Red Eye: Security Breach Around
OK. The TSA screening policy in use has been in place for a while now, as far as I know. Washington State’s SeaTac airport has had the full body scanners in place for at least several months, and I had a brief exchange on Twitter definitely that far back about people opting for the pat down instead of the scan.
Still, the issue has been brewing for the past couple of days since a man filmed himself being patted down by TSA security after opting out of the scanning process at an airport he believed didn’t even possess the full body scanner technology yet.
Since then, several people have come forward with horror stories, audio and video clips of people – even children as young as three years old – being subjected to invasive personal searches.
The subject came up on last night’s episode of “Red Eye,” but I hadn’t quite formulated my thoughts on the subject yet. I was very happy to see it come up again on tonight’s show.
Here, in a nutshell, are the most prominent arguments against the scanner:
1) OMG, like there are totally naked pictures of me! They could be uploaded to the Internet.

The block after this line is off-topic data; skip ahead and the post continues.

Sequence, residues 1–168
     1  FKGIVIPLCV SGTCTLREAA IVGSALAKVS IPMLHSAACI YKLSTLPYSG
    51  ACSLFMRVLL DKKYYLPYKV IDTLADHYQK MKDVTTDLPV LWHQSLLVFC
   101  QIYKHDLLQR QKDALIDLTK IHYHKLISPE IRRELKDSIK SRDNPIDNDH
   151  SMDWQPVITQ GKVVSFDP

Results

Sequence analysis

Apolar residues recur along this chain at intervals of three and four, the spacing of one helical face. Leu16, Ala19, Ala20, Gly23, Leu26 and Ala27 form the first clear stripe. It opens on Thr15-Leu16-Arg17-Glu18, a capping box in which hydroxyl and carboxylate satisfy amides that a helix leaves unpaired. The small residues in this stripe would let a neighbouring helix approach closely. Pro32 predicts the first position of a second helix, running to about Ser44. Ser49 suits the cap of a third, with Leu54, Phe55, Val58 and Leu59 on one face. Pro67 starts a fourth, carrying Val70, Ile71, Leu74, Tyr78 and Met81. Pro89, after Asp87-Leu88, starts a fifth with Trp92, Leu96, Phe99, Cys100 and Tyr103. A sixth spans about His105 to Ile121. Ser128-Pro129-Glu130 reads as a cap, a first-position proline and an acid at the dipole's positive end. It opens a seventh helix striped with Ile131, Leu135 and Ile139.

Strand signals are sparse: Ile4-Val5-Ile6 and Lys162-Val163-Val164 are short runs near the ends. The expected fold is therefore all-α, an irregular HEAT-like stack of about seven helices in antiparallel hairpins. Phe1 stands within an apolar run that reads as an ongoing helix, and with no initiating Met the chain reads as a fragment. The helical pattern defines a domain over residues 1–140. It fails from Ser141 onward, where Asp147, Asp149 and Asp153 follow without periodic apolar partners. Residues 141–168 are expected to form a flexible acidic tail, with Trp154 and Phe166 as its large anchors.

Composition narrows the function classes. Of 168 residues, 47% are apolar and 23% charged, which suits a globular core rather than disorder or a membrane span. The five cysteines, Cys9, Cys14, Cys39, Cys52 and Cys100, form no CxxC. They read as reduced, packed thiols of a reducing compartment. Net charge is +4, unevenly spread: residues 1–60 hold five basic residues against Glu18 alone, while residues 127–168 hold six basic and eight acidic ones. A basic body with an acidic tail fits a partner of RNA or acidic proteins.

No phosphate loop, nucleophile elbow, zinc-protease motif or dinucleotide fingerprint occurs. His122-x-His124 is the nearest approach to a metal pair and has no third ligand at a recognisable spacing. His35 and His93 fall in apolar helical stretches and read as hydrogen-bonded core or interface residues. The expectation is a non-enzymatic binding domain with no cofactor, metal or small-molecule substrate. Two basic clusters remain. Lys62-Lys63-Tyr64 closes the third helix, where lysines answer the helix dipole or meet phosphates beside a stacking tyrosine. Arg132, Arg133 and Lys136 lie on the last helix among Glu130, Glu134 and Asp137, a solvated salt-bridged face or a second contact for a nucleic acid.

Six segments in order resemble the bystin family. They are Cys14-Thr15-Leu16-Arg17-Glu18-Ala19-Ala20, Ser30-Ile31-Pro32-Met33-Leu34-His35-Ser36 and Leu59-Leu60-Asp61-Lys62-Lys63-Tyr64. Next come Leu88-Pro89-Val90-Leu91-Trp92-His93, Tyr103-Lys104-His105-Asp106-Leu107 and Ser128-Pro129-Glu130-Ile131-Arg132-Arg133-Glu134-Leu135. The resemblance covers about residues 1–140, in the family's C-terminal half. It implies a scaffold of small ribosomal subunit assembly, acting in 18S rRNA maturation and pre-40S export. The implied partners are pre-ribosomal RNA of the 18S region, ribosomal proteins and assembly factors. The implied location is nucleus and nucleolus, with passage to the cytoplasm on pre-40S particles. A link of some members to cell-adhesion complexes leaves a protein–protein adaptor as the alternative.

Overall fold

2) There’s radiation in that thar machine.
3) Screw you, authoritarian bastards!
Here are the arguments against the pat down:
1) Don’t touch my junk!
2) It’s sexual assault
3) Screw you, authoritarian bastards!
Honestly, I’m sympathetic. When I read about the machines a while back, an Israeli official talked about how he’d found they weren’t productive. In fact, enough explosives to down a 747 could easily be smuggled through the scanner, undetected. I have no idea if that’s true or not, only that it was asserted to be true.
The radiation scare is completely mind numbing. Not only have I read a human body actually absorbs more radiation during a flight than going through the scanner, there is probably more radiation in your vintage Fiestaware or Uranium glass martini set displayed proudly in your lead painted curio cabinet.
As to the “nudity” claim, I understand. I’m not really comfortable with images of me floating around … wherever … with my “junk” exposed.
Here are some of the images off the Web purporting to be taking with the scanning devices:
As you can see from both images, the soft tissue isn’t entirely penetrated by the scanner. So what is to stop a potential terrorist from hiding an explosive substance in a body cavity? Even, potentially, in a form fitting “pouch” that could be made to look – to the scanner – just like human flesh.